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Author Topic: My DIY solder paste stencil  (Read 1987 times)
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I've looked for a diy way of making a solder paste stencil online. I couldn't find anything simple. There are lots of examples of using a thin copper plate, then etching away the holes. I thought I'd try something else.

I started with a thin piece of plastic from a food container. It's clear and 0.007" thick. Then I overlaid a printout of the PCB pads, and drilled 1.2mm holes through the template and the plastic. The hard part was keeping the drill from wandering. I also had to "clean up" the plastic holes as there were a lot of burrs.

I tried some 0.8mm holes too. Some worked, others I didn't get clean enough after drilling. I don't know if I can drill holes suitable for a TQFP, but I might have to give it a try. There was some minor smudging which seemed to be worse after the first board when the stencil was clean. I just fixed up the smeared paste with some tweezers before placing the components.

The photos below are of the stencil, the solder paste on the board, and the finished job. The resistors are size 0805.

Not bad for an afternoon of DIY  smiley-mr-green

edit: sorry for the huge pictures. On the plus side, you can see the granules in the solder paste!


* IMG_1000.JPG (1029.66 KB, 1920x1280 - viewed 61 times.)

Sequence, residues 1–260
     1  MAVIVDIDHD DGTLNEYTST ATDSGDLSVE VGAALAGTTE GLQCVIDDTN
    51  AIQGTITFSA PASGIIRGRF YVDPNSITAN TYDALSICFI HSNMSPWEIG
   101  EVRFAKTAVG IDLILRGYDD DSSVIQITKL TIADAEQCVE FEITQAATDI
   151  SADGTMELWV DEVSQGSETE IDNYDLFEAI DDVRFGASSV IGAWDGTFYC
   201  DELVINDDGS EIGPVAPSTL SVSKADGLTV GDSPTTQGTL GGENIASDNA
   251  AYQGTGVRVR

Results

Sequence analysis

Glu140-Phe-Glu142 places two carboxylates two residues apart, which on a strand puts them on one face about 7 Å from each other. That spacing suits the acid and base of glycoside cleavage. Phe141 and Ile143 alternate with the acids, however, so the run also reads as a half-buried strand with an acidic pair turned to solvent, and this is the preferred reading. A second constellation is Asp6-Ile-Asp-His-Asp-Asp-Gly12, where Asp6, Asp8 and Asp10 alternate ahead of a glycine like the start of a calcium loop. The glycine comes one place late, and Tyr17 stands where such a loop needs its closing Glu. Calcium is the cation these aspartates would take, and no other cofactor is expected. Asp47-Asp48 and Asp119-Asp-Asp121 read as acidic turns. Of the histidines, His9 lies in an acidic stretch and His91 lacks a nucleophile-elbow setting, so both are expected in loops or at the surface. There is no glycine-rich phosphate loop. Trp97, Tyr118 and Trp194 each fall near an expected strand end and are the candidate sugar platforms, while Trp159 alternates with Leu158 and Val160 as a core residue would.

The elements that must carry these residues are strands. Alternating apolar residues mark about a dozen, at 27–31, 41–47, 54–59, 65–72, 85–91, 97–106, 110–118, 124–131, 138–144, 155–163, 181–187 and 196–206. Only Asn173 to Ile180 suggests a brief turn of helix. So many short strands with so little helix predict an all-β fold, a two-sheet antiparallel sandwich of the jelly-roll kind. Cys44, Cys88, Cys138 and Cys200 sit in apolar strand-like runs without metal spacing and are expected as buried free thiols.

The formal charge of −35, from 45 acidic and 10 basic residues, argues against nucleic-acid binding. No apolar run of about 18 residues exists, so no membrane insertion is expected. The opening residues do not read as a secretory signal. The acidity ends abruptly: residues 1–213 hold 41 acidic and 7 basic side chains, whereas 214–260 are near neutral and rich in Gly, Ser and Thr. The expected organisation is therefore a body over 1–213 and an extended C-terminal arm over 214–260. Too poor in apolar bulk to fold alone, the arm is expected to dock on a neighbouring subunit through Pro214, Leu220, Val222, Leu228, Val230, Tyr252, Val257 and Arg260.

* IMG_0992.JPG (1015.84 KB, 2592x1728 - viewed 50 times.)

* IMG_0993.JPG (977.91 KB, 2592x1728 - viewed 62 times.)
« Last Edit: January 18, 2013, 08:23:45 pm by John_S » Logged


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I use overhead transparency sheets, and a knife
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Can you cut out pads for a TQFP with a knife?
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you can try, I just cut a thin slit to go across all the legs on one side, the surface tension of the solder usually pulls it onto the legs and off the solder mask as long as you dont over do it

course the finer the pitch the harder it gets, a 44 is no problem, but you can hand paste those as well, 176? you might have bridges

I never bother unless I have more than a couple boards. I had to do 25 simple rectifier boards the other day at work and that saved a ton of time, as I ran the sheet through the laser printer first and cut out the SMC diode pads as if they were in a panel

little tape, and a putty knife bam 5 done at a time

« Last Edit: January 18, 2013, 11:57:43 pm by Osgeld » Logged


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Quote
I use overhead transparency sheets, and a knife
I have not done this but, how about a HOT very fine tipped soldering to burn a hole?
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edges that are not flat with your material is not your friend
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